Local authorities should be briefed on how best to tap into the experiences of headteachers who attend the Harvard Graduate School of Education leadership programme, an evaluation of last year's cohort has found.
It said there was a sense of disappointment among some of the 12 participants who, last summer, took part in the first Scottish residential at the American university, because their experiences had not been used to the best advantage by their authorities. However, on a personal level, the participants were extremely positive about their time in the United States.
"It was a rich learning experience," says Margaret Alcorn, co-ordinator of the National CPD team and facilitator on one of the courses, The Art of Leadership: leadership for large-scale improvement. "It has had a huge influence on those who took part."
This summer a further six delegates, including head and local authority officers, will be off to Harvard for an eight-day course entitled Leadership: an evolving vision. Working with people from other countries, they will refine their leadership and management skills. The aim is for them to pass on their learning through presentations at school and on local and national levels.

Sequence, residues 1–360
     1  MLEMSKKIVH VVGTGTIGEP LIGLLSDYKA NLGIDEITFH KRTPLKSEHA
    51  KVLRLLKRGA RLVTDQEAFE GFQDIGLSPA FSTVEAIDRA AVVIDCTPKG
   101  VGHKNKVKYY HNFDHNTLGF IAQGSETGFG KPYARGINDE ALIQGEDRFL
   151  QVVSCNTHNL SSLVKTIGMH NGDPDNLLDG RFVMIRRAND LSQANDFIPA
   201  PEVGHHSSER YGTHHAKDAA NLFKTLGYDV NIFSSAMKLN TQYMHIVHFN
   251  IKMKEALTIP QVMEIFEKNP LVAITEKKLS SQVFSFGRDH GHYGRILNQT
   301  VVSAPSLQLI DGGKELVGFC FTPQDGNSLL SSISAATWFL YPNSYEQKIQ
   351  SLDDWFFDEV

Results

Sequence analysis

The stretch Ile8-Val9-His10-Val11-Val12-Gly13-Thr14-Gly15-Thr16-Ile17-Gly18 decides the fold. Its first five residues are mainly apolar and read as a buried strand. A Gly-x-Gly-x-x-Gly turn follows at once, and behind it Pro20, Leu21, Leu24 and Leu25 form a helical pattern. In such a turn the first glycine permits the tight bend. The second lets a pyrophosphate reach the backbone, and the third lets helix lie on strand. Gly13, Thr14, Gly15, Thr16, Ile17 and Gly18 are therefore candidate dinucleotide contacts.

The 2006 cohort, who were a mixture of headteachers and authority-level officers, spent eight days on the intensive courses last summer. As part of the Ambitious, Excellent Schools programme, six joined Mrs Alcorn on the large-scale improvement course, while another six attended the Improving schools: the art of leader-ship course.
Since then, many have found ways to share their experiences with colleagues, including speaking at national conferences. But there has been frustration as some believe there should have been more opportunities to spread the word.
The evaluation also discovered that the other course members - from the US, Australia and Argentina - were impressed with the Scottish system.
"In Scotland, people have the opportunity to take risks and to apply their learning to their situations. There is a feeling that this is not always the case elsewhere, due to pressure to achieve targets," says Fiona Taylor, CPD adviser on the national team and author of the evaluation.
"Discussions during the visit also suggested that other nationalities were impressed by our plans for A Curriculum for Excellence and thinking related to this."